I would ask Trump to narrate, from morning to night, how he imagines a typical day in the life of the president. What order of business will he attend to first thing after waking up? How will he decide what issues to deal with once he gets to his desk? What does he think will take up most of his time? These would be my questions because I am sincerely curious what Trump thinks the job he’s running for is like and why he wants it.

William Saletan, national correspondent:

I want Wallace to ask them both: “Is there anything you have done in your career that you now recognize as simply wrong? I’m not looking for something you can explain or justify. I’m looking for something for which you genuinely feel shame and something that you’re willing to acknowledge as wrong, without offering any excuses.”

I realize the question might sound like a cliché, but the point of it is to embarrass either candidate if they use the question to spin what they did into something positive. I don’t think either of them could pass this test, but maybe Hillary would surprise me.

Trump Clinton debate 1
Donald Trump and Hillary Clinton, with moderator Lester Holt, at the Hofstra University debate in Hempstead, New York, Sept. 26.

Drew Angerer/Getty Images

Jordan Weissmann, senior business and economics correspondent:

Since we’re talking about a Fox News debate, I don’t expect this to happen. But I would be overjoyed—like, literally, fist-pumping, end zone–dance giddy—if Chris Wallace were to ask the candidates whether they believe in man-made climate change, aka the single greatest threat to human civilization we currently face, and if they have any plans to do something about it. So far, the closest we’ve come to a direct question on the subject has come from Ken Bone, who just asked how the candidates would save fossil fuel–industry jobs while making their energy policy “environmentally friendly.” And nobody bothered listening to the candidates’ answers because we were all too busy losing our minds over Bone’s sweater-’stache combo. The almost complete silence on this topic during the debates has been disgraceful, and this is our last chance to fix it.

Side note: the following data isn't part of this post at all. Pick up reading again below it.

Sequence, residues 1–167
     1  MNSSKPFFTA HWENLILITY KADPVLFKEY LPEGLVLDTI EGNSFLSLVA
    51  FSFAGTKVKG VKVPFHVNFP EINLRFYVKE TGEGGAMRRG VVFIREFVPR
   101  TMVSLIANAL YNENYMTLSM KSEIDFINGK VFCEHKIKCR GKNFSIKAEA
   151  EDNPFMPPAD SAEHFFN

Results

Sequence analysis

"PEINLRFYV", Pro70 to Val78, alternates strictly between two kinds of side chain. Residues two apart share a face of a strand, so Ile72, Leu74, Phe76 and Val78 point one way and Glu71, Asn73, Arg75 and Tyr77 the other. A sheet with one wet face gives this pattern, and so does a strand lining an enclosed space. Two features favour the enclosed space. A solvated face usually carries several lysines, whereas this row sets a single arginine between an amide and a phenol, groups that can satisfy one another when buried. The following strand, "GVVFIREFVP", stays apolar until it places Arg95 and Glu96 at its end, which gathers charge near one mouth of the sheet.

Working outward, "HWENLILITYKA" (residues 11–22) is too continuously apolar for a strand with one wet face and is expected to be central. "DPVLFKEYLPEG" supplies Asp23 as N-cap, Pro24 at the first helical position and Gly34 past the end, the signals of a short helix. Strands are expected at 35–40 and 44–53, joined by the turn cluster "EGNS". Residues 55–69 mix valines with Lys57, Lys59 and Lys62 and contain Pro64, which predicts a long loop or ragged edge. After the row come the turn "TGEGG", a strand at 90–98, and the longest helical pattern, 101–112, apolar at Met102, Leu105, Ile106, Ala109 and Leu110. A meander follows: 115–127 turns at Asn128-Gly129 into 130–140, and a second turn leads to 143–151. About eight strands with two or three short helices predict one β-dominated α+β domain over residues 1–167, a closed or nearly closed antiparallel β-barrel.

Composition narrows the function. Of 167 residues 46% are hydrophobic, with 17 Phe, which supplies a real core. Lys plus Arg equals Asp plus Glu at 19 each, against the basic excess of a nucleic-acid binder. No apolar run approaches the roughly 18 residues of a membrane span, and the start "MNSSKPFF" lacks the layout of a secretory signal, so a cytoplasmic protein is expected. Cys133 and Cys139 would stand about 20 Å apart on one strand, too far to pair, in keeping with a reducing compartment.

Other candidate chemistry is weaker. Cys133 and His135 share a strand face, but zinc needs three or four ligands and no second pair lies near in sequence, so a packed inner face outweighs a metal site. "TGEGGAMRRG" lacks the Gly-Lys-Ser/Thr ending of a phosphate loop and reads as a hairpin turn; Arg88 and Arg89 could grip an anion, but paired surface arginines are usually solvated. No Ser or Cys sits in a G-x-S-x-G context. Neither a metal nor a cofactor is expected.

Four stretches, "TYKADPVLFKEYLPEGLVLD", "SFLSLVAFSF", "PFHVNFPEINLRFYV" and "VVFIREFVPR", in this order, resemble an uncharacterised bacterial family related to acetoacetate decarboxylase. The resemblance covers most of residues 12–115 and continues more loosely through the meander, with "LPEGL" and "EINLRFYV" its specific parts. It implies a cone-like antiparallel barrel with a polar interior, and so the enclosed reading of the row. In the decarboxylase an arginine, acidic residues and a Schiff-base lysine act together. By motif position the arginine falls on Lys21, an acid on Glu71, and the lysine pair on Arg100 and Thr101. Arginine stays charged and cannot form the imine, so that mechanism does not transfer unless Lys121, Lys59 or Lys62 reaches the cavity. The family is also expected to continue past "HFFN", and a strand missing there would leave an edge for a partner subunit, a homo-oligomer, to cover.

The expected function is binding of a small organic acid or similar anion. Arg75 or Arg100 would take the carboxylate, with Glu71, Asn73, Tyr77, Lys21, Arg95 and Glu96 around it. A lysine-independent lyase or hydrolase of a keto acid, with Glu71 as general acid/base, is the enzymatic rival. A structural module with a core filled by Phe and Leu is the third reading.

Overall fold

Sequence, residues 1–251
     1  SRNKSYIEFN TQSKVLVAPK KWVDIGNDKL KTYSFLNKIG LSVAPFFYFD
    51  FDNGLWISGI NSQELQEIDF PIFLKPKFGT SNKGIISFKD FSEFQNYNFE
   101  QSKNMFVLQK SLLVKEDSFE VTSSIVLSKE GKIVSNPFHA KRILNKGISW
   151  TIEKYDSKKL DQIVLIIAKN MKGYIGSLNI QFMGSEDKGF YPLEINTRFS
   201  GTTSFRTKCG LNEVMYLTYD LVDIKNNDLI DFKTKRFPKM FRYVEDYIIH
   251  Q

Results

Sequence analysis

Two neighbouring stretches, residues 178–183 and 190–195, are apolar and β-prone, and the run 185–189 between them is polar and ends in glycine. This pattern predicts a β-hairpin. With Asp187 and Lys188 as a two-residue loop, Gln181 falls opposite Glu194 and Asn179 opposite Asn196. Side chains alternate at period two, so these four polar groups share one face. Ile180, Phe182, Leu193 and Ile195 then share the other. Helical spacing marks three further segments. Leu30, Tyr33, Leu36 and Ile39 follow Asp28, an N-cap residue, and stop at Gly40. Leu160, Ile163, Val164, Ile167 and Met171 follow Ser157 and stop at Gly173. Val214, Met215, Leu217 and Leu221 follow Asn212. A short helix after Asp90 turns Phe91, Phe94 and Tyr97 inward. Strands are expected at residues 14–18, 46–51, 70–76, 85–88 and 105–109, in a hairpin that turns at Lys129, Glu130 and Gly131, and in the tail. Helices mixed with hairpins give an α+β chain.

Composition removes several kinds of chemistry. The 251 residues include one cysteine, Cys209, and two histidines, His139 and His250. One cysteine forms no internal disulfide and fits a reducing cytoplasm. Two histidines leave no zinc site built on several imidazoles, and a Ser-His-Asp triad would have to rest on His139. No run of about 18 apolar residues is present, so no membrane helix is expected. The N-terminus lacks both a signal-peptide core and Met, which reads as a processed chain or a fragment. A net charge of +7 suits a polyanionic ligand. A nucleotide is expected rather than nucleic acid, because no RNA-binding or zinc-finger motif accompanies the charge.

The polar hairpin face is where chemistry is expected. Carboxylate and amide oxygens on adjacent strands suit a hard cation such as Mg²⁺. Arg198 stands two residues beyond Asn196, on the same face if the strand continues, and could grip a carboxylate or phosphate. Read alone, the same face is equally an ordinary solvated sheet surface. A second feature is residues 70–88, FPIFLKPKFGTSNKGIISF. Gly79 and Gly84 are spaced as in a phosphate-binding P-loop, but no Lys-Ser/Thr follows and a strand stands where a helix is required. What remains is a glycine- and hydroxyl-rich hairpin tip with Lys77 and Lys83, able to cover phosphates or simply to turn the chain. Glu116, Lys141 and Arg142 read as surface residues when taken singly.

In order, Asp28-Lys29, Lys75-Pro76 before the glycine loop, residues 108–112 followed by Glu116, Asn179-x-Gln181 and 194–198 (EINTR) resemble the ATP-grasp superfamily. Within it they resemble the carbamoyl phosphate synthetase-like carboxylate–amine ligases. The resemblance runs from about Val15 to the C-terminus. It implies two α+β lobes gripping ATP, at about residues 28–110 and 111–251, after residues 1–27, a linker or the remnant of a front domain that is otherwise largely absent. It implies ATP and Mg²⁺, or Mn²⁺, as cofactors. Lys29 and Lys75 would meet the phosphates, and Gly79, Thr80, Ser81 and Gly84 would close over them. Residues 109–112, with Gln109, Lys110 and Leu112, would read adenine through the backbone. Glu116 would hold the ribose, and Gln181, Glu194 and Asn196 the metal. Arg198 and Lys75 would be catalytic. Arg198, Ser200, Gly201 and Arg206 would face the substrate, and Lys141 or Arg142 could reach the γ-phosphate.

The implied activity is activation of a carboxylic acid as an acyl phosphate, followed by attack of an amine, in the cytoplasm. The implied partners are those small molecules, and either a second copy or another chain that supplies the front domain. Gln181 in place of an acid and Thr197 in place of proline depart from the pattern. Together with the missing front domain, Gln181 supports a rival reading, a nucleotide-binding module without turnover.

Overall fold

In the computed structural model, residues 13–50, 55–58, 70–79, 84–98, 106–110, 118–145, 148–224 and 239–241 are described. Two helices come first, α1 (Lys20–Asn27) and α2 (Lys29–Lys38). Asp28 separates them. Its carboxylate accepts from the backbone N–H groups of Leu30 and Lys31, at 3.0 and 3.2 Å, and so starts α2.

Joshua Keating, staff writer:

In her campaign for president, Hillary Clinton has faced one opponent, Bernie Sanders, with almost no interest in challenging her on foreign policy, and another, Donald Trump, who’s so ludicrously unqualified to handle national security that raising qualms about her positions seems almost churlish. This is unfortunate, because despite Clinton’s obvious level of foreign-policy experience and superiority to her opponent in this area, there are still a number of areas where I don’t think her foreign policy views have gotten enough scrutiny.

Given the circumstances, I don’t actually hope Chris Wallace asks these questions Wednesday night. But here are some of the things I would want Hillary to be asked in a public forum if this were a normal election in which she were facing a remotely qualified opponent:

Won’t a no-fly zone in Syria simply escalate the violence there?
Clinton has, in the past, advocated for the establishment of a no-fly zone in northern Syria to protect civilians and support U.S.-allied rebel groups. But she herself may have doubts about the strategy. In an apparent excerpt from a speech to Goldman Sachs revealed by WikiLeaks, Clinton noted correctly that establishing a no-fly zone would require destroying Syrian air defenses, which are located in populated areas, putting both U.S. pilots and Syrian civilians at risk, so “all of a sudden this intervention that people talk about so glibly becomes an American and NATO involvement where you take a lot of civilians.” A no-fly zone would also increase the risk of a clash between U.S. and Russian forces and could simply prompt Russia to escalate its military involvement in Syria. Assuming Clinton genuinely backs this strategy, I assume she’s thought these problems through, and I’d like to hear how she’d address them.